This is a reposting from Mik Kersten's Tasktop Blog. Look for more predictions in this series on his blog and on Agile Zone.
How does a continuous integration (CI) tool named after a butler or two grab such a large market share when much more feature-rich and polished commercial counterparts exist? The naïve answer is that it’s free. If you dig a bit deeper, the success of Hudson can be seen as part of a larger trend in developer-centric application lifecycle tools. A growing number of open source tools have hit the mark in capturing developer collaboration and Agile lifecycle management practices. What has caused these tools to snowball in popularity is the rich ecosystems of extensions that they support. That combination has become lucrative to larger organizations wishing to increase the productivity of their developers. When an open source community starts smelling of money-making potential, a different breed of dog moves in. This can be a very good thing, as it is often the catalyst needed to move the project across the chasm to broad industry adoption.
The challenge for popular open source projects is to create a governance model that marries the interests of the project’s community with those of vendors supporting the project. The most successful open source projects are ones that manage this dichotomy without alienating either party. Spring, JBoss and MySQL won by having a single dedicated vendor managing commercial and community interests. Eclipse and Apache have created governance models that support the overlapping interests of multiple vendors. In the case of Hudson, with Kohsuke’s departure from Oracle, a split formed. In recent blog posts we’ve seen Kohsuke Kawaguchi, creator of Hudson, highlighting the community and the ecosystem of extensions that have made Hudson successful to date. On the public forums, Oracle’s Ted Farrell has emphasized the importance of versioning, consistency and stability, which are relevant for taking Hudson to the next level of enterprise adoption. Both of these concerns need to be addressed.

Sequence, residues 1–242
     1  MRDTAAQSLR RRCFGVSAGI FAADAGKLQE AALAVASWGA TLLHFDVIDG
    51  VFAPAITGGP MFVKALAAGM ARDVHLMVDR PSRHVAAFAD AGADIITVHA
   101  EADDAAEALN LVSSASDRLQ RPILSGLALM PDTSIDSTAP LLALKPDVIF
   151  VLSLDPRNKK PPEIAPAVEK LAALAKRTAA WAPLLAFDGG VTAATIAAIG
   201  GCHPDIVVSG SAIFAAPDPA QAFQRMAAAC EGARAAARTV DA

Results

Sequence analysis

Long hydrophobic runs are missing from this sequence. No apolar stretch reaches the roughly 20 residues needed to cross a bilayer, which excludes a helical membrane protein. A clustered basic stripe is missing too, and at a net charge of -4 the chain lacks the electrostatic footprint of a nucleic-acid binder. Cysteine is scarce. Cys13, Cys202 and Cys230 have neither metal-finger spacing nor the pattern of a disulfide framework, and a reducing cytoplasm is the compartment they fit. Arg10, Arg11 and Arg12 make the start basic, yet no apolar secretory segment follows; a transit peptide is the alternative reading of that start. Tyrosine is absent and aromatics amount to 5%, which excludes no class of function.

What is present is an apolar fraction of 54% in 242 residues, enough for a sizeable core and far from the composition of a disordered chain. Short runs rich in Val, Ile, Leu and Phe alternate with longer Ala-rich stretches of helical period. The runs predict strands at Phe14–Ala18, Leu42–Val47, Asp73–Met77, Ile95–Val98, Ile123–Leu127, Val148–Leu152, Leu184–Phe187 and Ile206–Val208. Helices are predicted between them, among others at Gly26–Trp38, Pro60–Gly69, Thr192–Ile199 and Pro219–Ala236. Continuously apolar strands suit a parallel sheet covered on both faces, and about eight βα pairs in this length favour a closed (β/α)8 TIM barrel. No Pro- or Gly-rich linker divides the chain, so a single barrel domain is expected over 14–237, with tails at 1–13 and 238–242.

Over the coming year, extensible continuous integration is going to play a key role in both on-premise ALM stack modernizations and cloud-hosted ALM solutions. If you have a few grey hairs on your head, this may not sound new or noteworthy. A decade ago, we set up a CI build for AspectJ.org with CruiseControl and Ant and it is still running today. More modern Mylyn CI builds are very similar, but running Hudson and Tycho. What’s interesting is that over the past decade the continuous integration loop has become the underpinning of build automation in the Agile development process. Easy extensibility has made CI servers a convenient hub for plugging a variety of ALM tools into the Agile build loop. We are moving away from a world where realses, code metrics, testing tools and deployment destinations are being configured by each developer within his or her IDE. Instead, the CI server is becoming the hub that holds the authoritative build specs, with developers attaching to the portion of the ALM artefacts that they need to work on for the current release. Testing, quality, and metrics tools will increasingly use the CI server as the place to hook into the development process. In an upcoming prediction, I’ll discuss how combining task-focused workflow with continuous integration will prove to be a convenient abstraction for tool support that facilitates knowledge capture and sharing between Planning, Dev, Ops and QA.